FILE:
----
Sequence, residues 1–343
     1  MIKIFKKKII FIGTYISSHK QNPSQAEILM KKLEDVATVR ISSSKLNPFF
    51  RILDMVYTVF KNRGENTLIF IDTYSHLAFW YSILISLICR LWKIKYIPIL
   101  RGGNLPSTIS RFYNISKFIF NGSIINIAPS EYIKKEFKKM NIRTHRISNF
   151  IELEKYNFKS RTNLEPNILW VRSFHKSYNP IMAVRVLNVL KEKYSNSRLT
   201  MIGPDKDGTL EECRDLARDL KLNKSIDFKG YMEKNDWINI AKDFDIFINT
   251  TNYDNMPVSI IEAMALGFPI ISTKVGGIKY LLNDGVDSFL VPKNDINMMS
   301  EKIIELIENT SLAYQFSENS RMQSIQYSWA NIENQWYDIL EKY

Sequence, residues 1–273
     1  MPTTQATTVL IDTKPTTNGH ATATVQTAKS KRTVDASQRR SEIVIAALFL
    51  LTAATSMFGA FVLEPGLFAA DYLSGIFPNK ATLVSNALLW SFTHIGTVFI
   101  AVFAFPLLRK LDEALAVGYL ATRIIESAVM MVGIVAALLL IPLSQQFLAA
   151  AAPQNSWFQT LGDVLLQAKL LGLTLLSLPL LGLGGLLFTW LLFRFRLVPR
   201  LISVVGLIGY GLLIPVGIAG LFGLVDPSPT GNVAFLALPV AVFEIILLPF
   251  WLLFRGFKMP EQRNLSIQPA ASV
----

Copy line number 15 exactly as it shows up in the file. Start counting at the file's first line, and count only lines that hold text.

   251  WLLFRGFKMP EQRNLSIQPA ASV